Senate Majority Leader Mitch McConnell may have found a strategy to break the logjam with Democrats over the Department of Homeland Security funding, but in doing so, neglected to get the approval of House Speaker John Boehner, setting up the possibility of a new stalemate with just one day to go before triggering a partial shutdown.
According to Politico
, Boehner is in discussions about whether to accept the Senate's plan, which offers a clean funding bill and a separate vote to prohibit the president's implementation of the immigration orders.
Boehner may ultimately back down if the clock runs out, but he has so far distanced himself from the proposal as he faces the prospect of a conservative rebellion in the ranks. He told lawmakers at a meeting on Wednesday that he hasn't spoken to McConnell in two weeks, Politico reported.
For the time being, Boehner's team is considering a few options, according to Politico.
One plan is to approve a one- to two-week stopgap funding bill along with a request for a formal negotiation between the House's bill and the Senate's bill.
House leaders are also considering a plan to link DHS funding to the outcome of a court case
in Texas, in which a federal judge has already suspended the president's orders that would have allowed tens of thousands of illegal immigrants to apply for temporary amnesty starting last Wednesday.
Boehner is playing his cards close to his chest as he tries to maintain unity in the caucus and preserve his political capital by sending a signal that he is standing his ground and not going down without a fight.
So far, his strategy appears to be paying off.
"John Boehner appears to have listened to the American people and also have listened to those who were doubtful whether we wanted to vote for him or not," conservative Idaho Rep. Raul Labrador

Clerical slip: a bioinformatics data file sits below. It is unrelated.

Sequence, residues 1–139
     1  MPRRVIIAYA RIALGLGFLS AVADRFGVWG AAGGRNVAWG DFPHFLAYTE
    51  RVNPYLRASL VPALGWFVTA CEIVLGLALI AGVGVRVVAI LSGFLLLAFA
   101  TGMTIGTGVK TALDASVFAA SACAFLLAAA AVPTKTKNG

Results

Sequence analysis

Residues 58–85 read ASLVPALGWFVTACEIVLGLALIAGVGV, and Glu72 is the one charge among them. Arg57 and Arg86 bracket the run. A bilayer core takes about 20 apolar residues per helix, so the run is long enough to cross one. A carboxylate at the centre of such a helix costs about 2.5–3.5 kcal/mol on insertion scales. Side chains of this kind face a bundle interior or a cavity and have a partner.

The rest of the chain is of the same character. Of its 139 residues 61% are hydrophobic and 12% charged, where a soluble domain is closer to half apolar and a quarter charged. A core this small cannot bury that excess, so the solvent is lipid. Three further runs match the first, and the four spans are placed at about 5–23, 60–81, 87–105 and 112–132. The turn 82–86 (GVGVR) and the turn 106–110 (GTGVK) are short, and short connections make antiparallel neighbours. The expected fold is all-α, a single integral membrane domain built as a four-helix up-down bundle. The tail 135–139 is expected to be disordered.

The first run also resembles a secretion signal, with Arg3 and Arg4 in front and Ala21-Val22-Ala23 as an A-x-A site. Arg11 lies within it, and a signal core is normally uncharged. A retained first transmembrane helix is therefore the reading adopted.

"He made us certain promises that he is going to fight on conservative grounds and so far he's kept them."
The tension between McConnell and Boehner is not new, Politico said, but has become pronounced with the advent of the Republican-controlled Congress.
The immigration fight seems to have put more distance between the men in recent weeks, Politico reported.
Part of the dynamic is caused by the differing — and somewhat conflicting — pressures the two men face, according to The Hill
. Boehner is under ongoing pressure to placate conservatives while McConnell has his eye on maintaining a majority in 2016.
"I guess you could be criticized for working too closely with the Senate, or you could be criticized for not working closely enough," Senate Majority Whip John Cornyn told Politico when asked about Boehner. "You lose either way."
But colleagues insist that the two work well together despite their divergent styles.
"Mitch is more disciplined than anybody I know in terms of keeping his cards close to the vest. He's willing to say something no matter how many times, until he gets the response that he wants," a GOP colleague who has served in both chambers told The Hill. "Boehner is more emotional, more responsive. He's more spontaneous."
The time frame for the Senate's vote remains unclear, but debate could last through the weekend particularly if conservative senators choose to dig their heels in. Delays would further impact Boehner's plan to send a bill back to the Senate with revisions.
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